Table 3

Interpretation of fluid deprivation and desmopressin tests in polyuric patients

In infants and younger children the clinical picture and results of investigations at presentation may leave little doubt about the diagnosis and the response to desmopressin will usually confirm the diagnosis.

In older children (age > 5 years) a definitive diagnosis of cranial diabetes insipidus can be made by measuring the plasma vasopressin response to increasing plasma osmolality induced by a hypertonic 5% (850 mmol/l) saline infusion over a period of two hours at a rate of 0.05 ml/kg/h20 or until a plasma osmolality of 300 mmol/kg is achieved. This is of value when a deprivation test has shown equivocal results, but is rarely used in children. The limited availability of a reliable arginine vasopressin assay and the practical difficulties that may accompany the administration of irritant hypertonic saline solution to children are possible reasons for this. Figure 3 indicates the normal response of healthy subjects and, in the hatched area, the subnormal vasopressin response diagnostic of cranial diabetes insipidus. Polyuric patients who have nephrogenic diabetes insipidus or primary polydipsia will have vasopressin values in the normal reference range.4 21

Figure 3

Relation between plasma arginine vasopressin (AVP) and plasma osmolality following hypertonic 5% saline infusion. The shaded area is the normal response. Patients with cranial diabetes insipidus show subnormal responses (hatched area).

Direct measurement of plasma vasopressin after a period of water restriction confirms the diagnosis of nephrogenic diabetes insipidus when plotted against urine osmolality (fig 4). This test is particularly useful in identifying the partial forms of nephrogenic diabetes insipidus.4 17

Figure 4

Relation between urine osmolality and plasma arginine vasopressin (AVP) after a period of fluid restriction. The shaded area represents the normal relation. Patients with nephrogenic diabetes insipidus have results displaced to the right of normal (hatched area).

The third diagnostic approach is to perform a therapeutic trial of low dose desmopressin. It is undoubtedly helpful in younger patients and if there is no facility to measure plasma vasopressin. After a period of three to four days during which daily weight, plasma sodium, urine volume, and osmolality are monitored, the patient is given a small dose of subcutaneous or intramuscular desmopressin daily for about seven to 10 days. A dose of 0.3–0.5 μg in younger children or 0.5–1.0 μg in teenagers is appropriate. Measurements are continued during the desmopressin trial and for a few days after stopping the drug. Patients with cranial diabetes insipidus will be identified by a reduction in thirst, a progressive reduction in urine output, and plasma sodium will remain in the normal range during desmopressin administration. Nephrogenic diabetes insipidus is characterised by a lack of response to desmopressin with a persistence of thirst and polyuria. Those with primary polydipsia will remain thirsty and develop progressive hyponatraemia.4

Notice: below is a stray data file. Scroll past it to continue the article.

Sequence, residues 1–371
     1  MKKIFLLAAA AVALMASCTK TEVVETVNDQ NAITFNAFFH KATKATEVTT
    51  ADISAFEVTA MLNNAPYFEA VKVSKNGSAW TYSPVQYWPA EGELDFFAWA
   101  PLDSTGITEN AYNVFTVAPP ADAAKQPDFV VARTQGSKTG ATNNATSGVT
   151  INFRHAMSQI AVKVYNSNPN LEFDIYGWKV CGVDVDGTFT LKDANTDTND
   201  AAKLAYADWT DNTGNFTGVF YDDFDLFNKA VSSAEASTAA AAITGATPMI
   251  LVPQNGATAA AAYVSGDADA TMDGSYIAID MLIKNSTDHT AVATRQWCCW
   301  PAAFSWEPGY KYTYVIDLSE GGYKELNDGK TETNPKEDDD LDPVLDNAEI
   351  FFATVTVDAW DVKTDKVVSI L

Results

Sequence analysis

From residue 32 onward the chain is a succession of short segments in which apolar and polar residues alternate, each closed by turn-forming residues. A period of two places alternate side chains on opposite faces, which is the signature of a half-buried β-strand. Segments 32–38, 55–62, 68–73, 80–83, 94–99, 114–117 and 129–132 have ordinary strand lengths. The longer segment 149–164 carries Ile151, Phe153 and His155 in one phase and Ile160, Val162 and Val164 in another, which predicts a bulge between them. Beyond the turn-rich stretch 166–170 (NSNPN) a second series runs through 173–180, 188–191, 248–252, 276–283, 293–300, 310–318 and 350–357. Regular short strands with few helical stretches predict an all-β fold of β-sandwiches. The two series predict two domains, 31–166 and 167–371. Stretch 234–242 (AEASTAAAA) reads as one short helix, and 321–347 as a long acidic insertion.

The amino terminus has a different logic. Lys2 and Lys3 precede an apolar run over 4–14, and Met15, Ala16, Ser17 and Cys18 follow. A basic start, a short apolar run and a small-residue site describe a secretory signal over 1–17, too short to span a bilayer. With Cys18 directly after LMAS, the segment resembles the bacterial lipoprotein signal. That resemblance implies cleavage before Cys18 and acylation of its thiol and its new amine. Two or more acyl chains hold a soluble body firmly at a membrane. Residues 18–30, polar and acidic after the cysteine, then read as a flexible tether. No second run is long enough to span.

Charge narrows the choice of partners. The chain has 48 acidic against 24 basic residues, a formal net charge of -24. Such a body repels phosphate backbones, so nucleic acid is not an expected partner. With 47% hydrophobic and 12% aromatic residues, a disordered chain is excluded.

Once the pathogenetic mechanism responsible for causing polyuria has been clarified, it is mandatory to search for the underlying cause of the type of diabetes insipidus. Magnetic resonance imaging of the pituitary, hypothalamus, and surrounding structures should be performed to look for pituitary and parapituitary masses, craniopharyngioma, pinealoma, or pituitary stalk abnormalities. In many patients (70%) with cranial diabetes insipidus there is a loss of the normal hyperintense signal in T1 weighted magnetic resonance imaging of the posterior pituitary,22 although this may also be a feature of nephrogenic diabetes insipidus. In the former this is because of reduced vasopressin production and in the latter to enhanced release. The signal will be normal in primary polydipsia. It is important to perform serial magnetic resonance imaging in all cases of idiopathic cranial diabetes insipidus because of the possibility of evolving disease not detected initially.23 Genetic studies to identify the abnormality in the precursor vasopressin molecule in familial cases might be appropriate.